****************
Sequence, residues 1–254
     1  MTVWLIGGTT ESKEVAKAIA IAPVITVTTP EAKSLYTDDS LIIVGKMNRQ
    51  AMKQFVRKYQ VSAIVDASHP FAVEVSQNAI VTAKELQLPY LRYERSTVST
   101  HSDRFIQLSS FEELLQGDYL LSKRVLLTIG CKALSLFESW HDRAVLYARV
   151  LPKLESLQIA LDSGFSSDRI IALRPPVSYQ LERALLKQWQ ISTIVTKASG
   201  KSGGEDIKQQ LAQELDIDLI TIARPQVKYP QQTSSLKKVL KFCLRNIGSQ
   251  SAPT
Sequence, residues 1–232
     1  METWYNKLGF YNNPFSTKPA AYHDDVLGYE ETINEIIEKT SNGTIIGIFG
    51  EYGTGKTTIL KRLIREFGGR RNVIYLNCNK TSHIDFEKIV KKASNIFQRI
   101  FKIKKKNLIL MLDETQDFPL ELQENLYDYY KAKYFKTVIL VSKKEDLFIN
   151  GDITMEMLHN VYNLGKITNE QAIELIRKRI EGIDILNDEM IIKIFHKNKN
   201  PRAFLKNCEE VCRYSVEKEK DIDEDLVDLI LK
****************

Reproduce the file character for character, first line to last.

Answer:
Sequence, residues 1–254
     1  MTVWLIGGTT ESKEVAKAIA IAPVITVTTP EAKSLYTDDS LIIVGKMNRQ
    51  AMKQFVRKYQ VSAIVDASHP FAVEVSQNAI VTAKELQLPY LRYERSTVST
   101  HSDRFIQLSS FEELLQGDYL LSKRVLLTIG CKALSLFESW HDRAVLYARV
   151  LPKLESLQIA LDSGFSSDRI IALRPPVSYQ LERALLKQWQ ISTIVTKASG
   201  KSGGEDIKQQ LAQELDIDLI TIARPQVKYP QQTSSLKKVL KFCLRNIGSQ
   251  SAPT
Sequence, residues 1–232
     1  METWYNKLGF YNNPFSTKPA AYHDDVLGYE ETINEIIEKT SNGTIIGIFG
    51  EYGTGKTTIL KRLIREFGGR RNVIYLNCNK TSHIDFEKIV KKASNIFQRI
   101  FKIKKKNLIL MLDETQDFPL ELQENLYDYY KAKYFKTVIL VSKKEDLFIN
   151  GDITMEMLHN VYNLGKITNE QAIELIRKRI EGIDILNDEM IIKIFHKNKN
   201  PRAFLKNCEE VCRYSVEKEK DIDEDLVDLI LK